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Choosing & Managing Service Providers

This guide provides information about choosing and managing service providers, where Support Coordination and Plan Management is not funded within a participant’s plan. OOHC casework staff need to ensure they request Support Coordination and Plan Management be funded in the plan. Refer to the Overview for important contextual information about these guidelines and the NDIS. These guidelines are dynamic and will be regularly updated to reflect a changing NDIS model and procedures as the Scheme is implemented.

Important information for OOHC casework staff - if Support Coordination and Plan Management are funded in the child or young person’s plan, you do not need to undertake any of the actions in this guideline, they will be managed by the support coordinator and plan manager.

The information provided in this guideline may help Early Intervention and Child Protection casework staff explain the process to families who choose to engage supports and manage NDIS plan funds themselves.

For self-managed plans, supports can be purchased from registered providers, as well as providers who are not registered with the NDIS.

The NDIA has developed a number of resources to assist participants when choosing a provider or employing a support worker. It is important to choose the provider or providers that are right for the participant. These resources include information about how to manage cancellations and ‘no shows’ of scheduled appointments. For more information on choosing a provider and a list of registered providers in the local area see Finding and engaging providers.

A provider is an individual or organisation delivering a support or a product to a participant of the NDIS. Organisations or individuals can apply to be a registered provider with the NDIA. Registered providers have met requirements regarding qualifications, approvals, experience and capacity to deliver the approved supports.

All providers are required to agree to the NDIA’s Terms of Business as a condition of registration. The Terms of Business require registered providers to ensure they proactively manage perceived and actual conflicts of interest, including through development and maintenance of organisational policies.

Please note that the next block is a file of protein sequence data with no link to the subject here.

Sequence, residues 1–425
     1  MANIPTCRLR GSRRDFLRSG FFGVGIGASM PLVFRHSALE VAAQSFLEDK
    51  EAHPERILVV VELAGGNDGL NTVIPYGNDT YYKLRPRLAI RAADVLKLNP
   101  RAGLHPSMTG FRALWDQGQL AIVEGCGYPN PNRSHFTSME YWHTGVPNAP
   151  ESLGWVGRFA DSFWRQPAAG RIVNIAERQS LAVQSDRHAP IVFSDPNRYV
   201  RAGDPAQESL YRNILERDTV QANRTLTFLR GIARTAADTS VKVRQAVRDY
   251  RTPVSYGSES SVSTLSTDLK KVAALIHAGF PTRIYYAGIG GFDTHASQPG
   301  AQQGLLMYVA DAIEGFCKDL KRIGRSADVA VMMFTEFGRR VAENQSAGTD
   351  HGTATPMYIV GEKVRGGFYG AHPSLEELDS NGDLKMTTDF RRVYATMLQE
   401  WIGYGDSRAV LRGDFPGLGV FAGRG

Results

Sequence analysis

Most NDIS supports will be delivered by providers - people or businesses of the participant’s choice. Participants will normally need to make a written agreement with their provider(s). This is called a Service Agreement. Service Agreements should be simple and set out how and when supports will be delivered. Service Agreements can be made between participants and providers, or between another person (like a family member or friend) and the provider.

Service Agreements are different from the NDIS plan. The plan lists the NDIS supports, but a Service Agreement is about delivering those supports.

When making a Service Agreement, participants and their supporters should take a copy of the NDIS plan. If the participant agrees, a copy of the NDIS plan can be attached to the Service Agreement(s). This will help the provider deliver the right supports in the right way.

Further information and a model Service Agreement is provided on the Making a Service Agreement with Providers fact sheet at Service agreements with providers

When people buy goods and services including disability-related purchases, they have rights under Australian Consumer Law (ACL). Resources for consumers with disability including consumer rights under ACL can be found at the Australia Competition and Consumer Commission (ACCC) website.

Participants self managing their plan must provide the NDIA with details of an account with a financial institution into which NDIS amounts can be paid, and the NDIA must pay NDIS amounts into the account nominated by the participant. A participant who receives an NDIS amount, or a person who receives an NDIS amount on behalf of a participant, must spend the money in accordance with a participant’s plan. For more detailed information about payments, see Payment and Assurance

Payments from the NDIS for approved reasonable and necessary supports are not considered income by the Australia Taxation Office and therefore are exempt from tax. For more information see National disability insurance scheme

The Myplace Provider Portal is the secure government online service for registered providers to communicate with the NDIA for the provision of services and supports to NDIS participants, including billing.

Sharing a participant’s NDIS Plan in full on the Myplace Provider Portal will enable all of their registered providers to have a better understanding of what they want to achieve and enable them to support participants to achieve their goals and objectives. It also enables them to understand what participants are doing with other people and organisations to achieve these goals and objectives.

If the NDIA is managing the funding for the participant’s supports, registered providers will already be able to see a list of the funded supports they are registered to provide to the participant on the Myplace Provider Portal. Further information can be found at Sharing your NDIS plan.

If you have a question about the NDIS and Early Intervention, Child Protection and OOHC email safehomeforlifereform@facs.nsw.gov.au

If you encounter a situation with the NDIS that differs from these guidelines and needs clarification, speak to your manager to determine whether the matter needs to be raised with the NDIA locally or go through the FACS NDIS issues escalation pathway for resolution.